"A systematic review attempts to collate all empirical evidence that fits pre-specified eligibility criteria in order to answer a specific research question. The key characteristics of a systematic review are: a clearly defined question with inclusion & exclusion criteria; rigorous & systematic search of the literature; critical appraisal of included studies; data extraction and management; analysis & interpretation of results; and report for publication." -- Duke University Medical Center Library & Archives
A systematic review differs from a traditional literature review or narrative review, in that it aims to be as thorough and unbiased as possible, and also provides detailed information about how the studies were identified and why they were included.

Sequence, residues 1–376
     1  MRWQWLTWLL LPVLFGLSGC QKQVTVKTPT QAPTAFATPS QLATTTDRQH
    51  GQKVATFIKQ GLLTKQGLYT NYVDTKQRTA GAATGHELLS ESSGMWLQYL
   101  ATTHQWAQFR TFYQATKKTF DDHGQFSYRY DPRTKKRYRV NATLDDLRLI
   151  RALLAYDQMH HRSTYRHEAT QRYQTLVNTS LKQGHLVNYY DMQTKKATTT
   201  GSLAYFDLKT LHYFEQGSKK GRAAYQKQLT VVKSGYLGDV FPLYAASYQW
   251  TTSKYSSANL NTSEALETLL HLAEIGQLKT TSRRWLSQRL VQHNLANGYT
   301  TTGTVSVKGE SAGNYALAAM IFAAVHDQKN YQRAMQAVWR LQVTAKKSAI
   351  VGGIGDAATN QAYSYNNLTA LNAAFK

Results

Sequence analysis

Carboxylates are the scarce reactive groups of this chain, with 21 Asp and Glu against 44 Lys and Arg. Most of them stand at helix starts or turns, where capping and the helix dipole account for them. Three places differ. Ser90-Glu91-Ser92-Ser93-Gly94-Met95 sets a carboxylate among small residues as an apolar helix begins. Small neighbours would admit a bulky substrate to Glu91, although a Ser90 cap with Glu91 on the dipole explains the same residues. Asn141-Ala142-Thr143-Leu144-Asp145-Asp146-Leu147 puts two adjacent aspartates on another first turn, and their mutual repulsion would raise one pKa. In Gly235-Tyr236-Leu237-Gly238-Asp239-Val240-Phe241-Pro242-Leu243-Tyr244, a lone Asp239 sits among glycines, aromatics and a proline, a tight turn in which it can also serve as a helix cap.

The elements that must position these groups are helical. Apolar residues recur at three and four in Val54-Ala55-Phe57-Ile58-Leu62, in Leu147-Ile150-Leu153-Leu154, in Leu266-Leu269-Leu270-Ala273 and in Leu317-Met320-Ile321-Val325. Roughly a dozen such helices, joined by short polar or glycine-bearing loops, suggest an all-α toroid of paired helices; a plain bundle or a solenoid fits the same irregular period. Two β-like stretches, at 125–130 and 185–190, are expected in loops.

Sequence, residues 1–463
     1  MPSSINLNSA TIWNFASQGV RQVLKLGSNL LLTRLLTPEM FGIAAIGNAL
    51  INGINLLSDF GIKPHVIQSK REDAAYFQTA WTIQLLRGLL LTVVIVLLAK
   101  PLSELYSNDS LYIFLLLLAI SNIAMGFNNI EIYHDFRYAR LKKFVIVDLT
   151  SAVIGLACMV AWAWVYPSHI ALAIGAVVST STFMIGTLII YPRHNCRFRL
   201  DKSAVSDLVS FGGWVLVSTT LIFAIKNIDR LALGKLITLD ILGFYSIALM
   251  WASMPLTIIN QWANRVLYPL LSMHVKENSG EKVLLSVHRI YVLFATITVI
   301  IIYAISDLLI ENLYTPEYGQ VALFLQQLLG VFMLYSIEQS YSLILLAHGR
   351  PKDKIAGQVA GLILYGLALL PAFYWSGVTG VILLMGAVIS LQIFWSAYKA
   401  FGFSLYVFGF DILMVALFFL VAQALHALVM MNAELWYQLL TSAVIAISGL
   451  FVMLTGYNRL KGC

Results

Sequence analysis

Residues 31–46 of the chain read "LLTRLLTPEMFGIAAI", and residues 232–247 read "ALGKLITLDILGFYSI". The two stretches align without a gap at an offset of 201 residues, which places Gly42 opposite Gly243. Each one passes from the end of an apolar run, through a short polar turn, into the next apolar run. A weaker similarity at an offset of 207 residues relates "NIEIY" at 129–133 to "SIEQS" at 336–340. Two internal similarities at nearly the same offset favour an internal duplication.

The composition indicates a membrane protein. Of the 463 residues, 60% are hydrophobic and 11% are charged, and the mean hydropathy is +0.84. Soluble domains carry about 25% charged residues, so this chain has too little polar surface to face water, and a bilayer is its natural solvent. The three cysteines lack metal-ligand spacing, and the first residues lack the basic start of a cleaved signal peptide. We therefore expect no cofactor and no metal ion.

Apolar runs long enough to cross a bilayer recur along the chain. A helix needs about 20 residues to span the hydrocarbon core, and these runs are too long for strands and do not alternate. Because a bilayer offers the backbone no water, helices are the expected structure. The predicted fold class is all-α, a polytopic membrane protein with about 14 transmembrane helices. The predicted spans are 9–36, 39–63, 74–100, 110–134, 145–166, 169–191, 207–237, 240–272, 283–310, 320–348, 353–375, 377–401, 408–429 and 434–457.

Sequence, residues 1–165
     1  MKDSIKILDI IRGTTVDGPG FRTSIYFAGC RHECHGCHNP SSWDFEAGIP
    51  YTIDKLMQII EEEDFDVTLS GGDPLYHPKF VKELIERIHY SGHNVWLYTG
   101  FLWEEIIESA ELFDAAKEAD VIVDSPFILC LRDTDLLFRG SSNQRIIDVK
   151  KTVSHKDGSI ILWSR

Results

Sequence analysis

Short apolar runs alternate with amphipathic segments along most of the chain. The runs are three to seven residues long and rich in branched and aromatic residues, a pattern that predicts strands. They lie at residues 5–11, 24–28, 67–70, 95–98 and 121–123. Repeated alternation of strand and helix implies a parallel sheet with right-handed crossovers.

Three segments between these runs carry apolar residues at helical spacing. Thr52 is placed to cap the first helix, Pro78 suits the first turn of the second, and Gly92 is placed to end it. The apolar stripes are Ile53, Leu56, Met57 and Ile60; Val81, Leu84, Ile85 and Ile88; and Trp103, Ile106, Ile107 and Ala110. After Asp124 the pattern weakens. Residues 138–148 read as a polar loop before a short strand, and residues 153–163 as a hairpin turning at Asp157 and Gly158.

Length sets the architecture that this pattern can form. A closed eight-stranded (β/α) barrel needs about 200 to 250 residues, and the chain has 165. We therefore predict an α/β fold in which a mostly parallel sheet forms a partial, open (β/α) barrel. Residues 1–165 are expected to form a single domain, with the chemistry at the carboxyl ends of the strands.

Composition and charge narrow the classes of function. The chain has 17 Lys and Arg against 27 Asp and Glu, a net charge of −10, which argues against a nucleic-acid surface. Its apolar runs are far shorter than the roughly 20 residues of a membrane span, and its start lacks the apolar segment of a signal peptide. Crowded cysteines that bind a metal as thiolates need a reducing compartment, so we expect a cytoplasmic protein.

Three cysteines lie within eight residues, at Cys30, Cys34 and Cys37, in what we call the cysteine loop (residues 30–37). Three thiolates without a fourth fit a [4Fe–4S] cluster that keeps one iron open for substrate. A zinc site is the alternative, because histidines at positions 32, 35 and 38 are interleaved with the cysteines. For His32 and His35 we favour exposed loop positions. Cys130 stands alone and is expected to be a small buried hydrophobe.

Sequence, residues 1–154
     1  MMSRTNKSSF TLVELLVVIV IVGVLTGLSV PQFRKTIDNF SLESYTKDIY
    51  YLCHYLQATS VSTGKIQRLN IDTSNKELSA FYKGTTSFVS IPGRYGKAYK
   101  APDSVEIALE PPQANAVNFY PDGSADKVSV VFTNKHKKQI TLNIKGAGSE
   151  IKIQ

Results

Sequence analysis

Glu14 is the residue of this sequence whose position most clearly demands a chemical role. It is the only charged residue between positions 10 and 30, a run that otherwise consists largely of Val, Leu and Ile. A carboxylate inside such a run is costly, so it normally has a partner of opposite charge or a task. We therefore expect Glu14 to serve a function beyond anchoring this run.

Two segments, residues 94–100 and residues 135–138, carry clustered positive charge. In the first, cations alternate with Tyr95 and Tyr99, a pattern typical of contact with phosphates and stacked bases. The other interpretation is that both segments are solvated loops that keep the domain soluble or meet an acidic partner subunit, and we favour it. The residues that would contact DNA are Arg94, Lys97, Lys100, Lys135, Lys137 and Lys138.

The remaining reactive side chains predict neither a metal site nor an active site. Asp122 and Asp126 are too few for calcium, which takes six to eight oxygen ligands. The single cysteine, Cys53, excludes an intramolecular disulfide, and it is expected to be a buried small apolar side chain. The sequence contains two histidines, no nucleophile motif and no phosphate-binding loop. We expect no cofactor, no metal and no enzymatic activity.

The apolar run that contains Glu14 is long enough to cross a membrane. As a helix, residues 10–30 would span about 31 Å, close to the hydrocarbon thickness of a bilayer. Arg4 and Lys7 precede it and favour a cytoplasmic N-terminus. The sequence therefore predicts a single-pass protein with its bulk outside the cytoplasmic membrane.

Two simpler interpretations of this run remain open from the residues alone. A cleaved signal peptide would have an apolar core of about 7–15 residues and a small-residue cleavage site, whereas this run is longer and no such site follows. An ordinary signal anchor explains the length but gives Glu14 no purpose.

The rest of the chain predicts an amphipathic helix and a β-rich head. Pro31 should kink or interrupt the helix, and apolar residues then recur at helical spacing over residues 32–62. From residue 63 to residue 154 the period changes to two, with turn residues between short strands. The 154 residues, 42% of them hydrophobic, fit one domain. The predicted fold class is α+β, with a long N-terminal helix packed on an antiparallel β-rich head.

Prior to starting your own research, you will want to look at existing systematic reviews - this is especially important so that you don't duplicate existing work. It can also be helpful to look at the approaches taken for systematic reviews similar to your own topic or discipline. You can find existing systematic reviews a number of ways:
Below are some books available at the Toronto Metropolitan University Library & Archives discussing systematic reviews: